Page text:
Prepare and survive

Published:  22 November, 2013

The Westgate Mall atrocities in Nairobi have thrust anti-terrorist measures back into the spotlight. What can centres realistically do to prevent such an attack here?

We all watched with horror as the terrorist attack on the Westgate shopping mall in Nairobi unfolded last month. It served as a reminder that, as high footfall locations, shopping centres across the world are possible targets for terrorist groups. And while the attack hasn’t affected the threat level in the UK, it has brought the threat of terrorism to the front of people’s minds, instigating healthy debate surrounding preventative measures and emergency response plans.

“The attack on Westgate shopping mall was carried out by Somalians angered by the presence of Kenyan troops in their country, so keep in mind that it’s contextual,” says an advisor from the National Counter Terrorism Security Office (NaCTSO)..

“What happened in Nairobi hasn’t changed the threat level in the UK, but it has prompted the shopping centre industry to review counter terrorism strategy, and that can only be healthy.”

So, what can shopping centre owners and operators do to try to prevent a potential terrorist attack, and how they should plan to deal one should the worst happen?

“The thing about shopping centres is that while they’re privately owned, they are open to the public and should always be as accessible as possible,” says Helen Drury, sustainability and community engagement advisor at BCSC and member of its Security and Safer Shopping Committee. “Because you can’t restrict people getting in you have to be vigilant when it comes to spotting odd behaviour. And if something does happen, you have to be able to respond to an incident while causing shoppers as little distress as possible.”

Last month BCSC published Firearms Attacks in Shopping Centres, the latest in its series of guidance notes, designed to share practical advice and promote best practice in dealing with a range of emergency situations involving guns, not only in the name of terrorism, but also gang violence, to aid in a robbery, or wielded by someone suffering mental illness.

It details suitable preparations and actions including devising a response plan outlining, for example, the use of a secondary control room and remote monitoring back-up should the main control room be taken over by attackers, as was the case in Nairobi.

The guidance note encourages management staff to identify brickwork, steelwork or concrete which may provide shelter and areas, like storerooms, that are out of sight of public view, allowing them to map safe routes out through service areas to evacuate people, as well as plans for ‘invacuation’ – all details that should be shared with retailers.

Any plans should be shared with police, who can provide comments and suggestions, as well as detailed floor and layout plans. It also advises walking the centre with police to help identify vulnerable targets, and asking officers to join the exercise if testing your plan.

In the event of an attack, the note advises coming up with a site specific codeword for use over the PA system to alert staff on the ground without panicking customers.

There should be separate staff watching CCTV, using phones and logging events. And staff should be mindful of the type of information police will need when they arrive on site including the number of terrorists, descriptions of their appearance, where they are and in which direction they are moving, and whether there are any casualties.

“Two way communications between the centre management team and local police is vital in getting a good plan in place and understanding what your response should be,” says Drury. “Even if it isn’t a full scale plan, every centre should have some processes in place that all staff know about and that is regularly updated.”

When it comes to government advice, the UK’s counter terrorism strategy, Contest, was brought in by government more than 10 years ago, and was updated by the Home Office in June 2012.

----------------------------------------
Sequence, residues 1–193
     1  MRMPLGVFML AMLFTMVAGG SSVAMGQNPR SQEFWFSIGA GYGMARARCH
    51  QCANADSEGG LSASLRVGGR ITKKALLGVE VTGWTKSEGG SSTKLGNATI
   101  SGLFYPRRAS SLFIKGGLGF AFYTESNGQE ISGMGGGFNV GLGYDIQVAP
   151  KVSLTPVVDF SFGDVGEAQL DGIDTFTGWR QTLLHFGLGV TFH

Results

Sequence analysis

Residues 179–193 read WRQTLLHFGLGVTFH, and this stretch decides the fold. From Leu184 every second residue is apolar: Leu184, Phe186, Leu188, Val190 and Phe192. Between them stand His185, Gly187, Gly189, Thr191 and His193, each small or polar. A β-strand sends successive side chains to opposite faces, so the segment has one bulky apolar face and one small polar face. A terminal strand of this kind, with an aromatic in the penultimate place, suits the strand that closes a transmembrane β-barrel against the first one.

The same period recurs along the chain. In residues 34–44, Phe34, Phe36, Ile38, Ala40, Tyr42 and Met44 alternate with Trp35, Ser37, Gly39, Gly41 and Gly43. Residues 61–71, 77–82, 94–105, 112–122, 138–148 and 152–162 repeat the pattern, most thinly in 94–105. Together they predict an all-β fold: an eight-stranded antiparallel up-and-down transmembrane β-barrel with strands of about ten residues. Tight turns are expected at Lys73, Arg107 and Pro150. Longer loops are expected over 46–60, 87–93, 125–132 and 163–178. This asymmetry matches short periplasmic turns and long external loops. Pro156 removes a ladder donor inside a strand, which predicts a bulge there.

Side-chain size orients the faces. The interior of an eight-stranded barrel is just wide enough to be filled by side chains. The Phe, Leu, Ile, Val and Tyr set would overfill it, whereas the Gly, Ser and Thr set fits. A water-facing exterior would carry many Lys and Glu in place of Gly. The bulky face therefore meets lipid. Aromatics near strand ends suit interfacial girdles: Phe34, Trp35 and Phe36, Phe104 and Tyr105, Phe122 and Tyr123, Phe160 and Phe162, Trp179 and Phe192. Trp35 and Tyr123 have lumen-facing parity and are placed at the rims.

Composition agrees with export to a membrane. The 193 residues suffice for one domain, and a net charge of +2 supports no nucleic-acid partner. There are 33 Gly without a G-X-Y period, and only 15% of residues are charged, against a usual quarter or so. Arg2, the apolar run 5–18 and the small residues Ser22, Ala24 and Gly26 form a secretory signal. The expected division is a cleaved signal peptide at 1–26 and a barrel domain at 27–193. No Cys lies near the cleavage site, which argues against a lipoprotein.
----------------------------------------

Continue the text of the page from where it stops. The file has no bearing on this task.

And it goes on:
The strategy outlines four pillars – Pursue, Prevent, Protect and Prepare, and NaCTSO work on the Protect and Prepare strands with an objective to improve the safety of crowded places.

It talks to business owners and operators about the policies and processes they can adopt to counter terrorism, and provides them with access to high quality advice via the police and other security agencies. In 2011 it produced Counter Terrorism Protective Security Advice for Shopping Centres in conjunction with BCSC.

Making up 25 per cent of the sites NaCTSO are actively engaged with, shopping centres represent a significant proportion of what it calls ‘nationally significant crowded places’.

“Shopping centres have an implicit invitation for anyone to come in,” says the NaCTSO advisor. “We’re doing all we can but we can’t protect all sites, so working in partnership with vulnerable sites, not just in isolation, can only be a good thing.”

The NaCTSO service is delivered via a number of avenues. The first is the Counter Terrorism Network, a group of 220 counter terrorism security advisors (CTSAs), trained and tasked by NaCTSO and stationed across every police force nationally.

The CTSAs carry out free onsite surveys for all identified significant crowded places and provide advice on physical measures like security glass, or materials that protect against hostile vehicles or explosive devices, as well as advising managers on relevant policy.

The CTSAs can also help shopping centres to train security guards, working with managers to devise new patrol routes, for example. Training exercises are delivered through Project Argus, which involves working through a terrorist attack scenario on a computer, and Project Griffin, a bespoke training programme for security guards.

“We look at what shopping centres can realistically do to widen their security bubble?” explains the NaCTSO advisor. “It’s about continual engagement and development, and the sharing of information.”

Hostile reconnissance

In terms of trying to prevent an act of terrorism, stopping potential attackers gathering information about the scheme is often the first step, as John Briggs, operations director at First Security Guards, a subsidiary of Interserve, explains: “There’s always a degree of reconnaissance when it comes to terrorism attacks on civilians. The perpetrators have to have been to a potential site to work out where they can cause the maximum amount of damage, identify areas where they can hide etc, and in order to find out these things, they have to have been to the target location a number of times.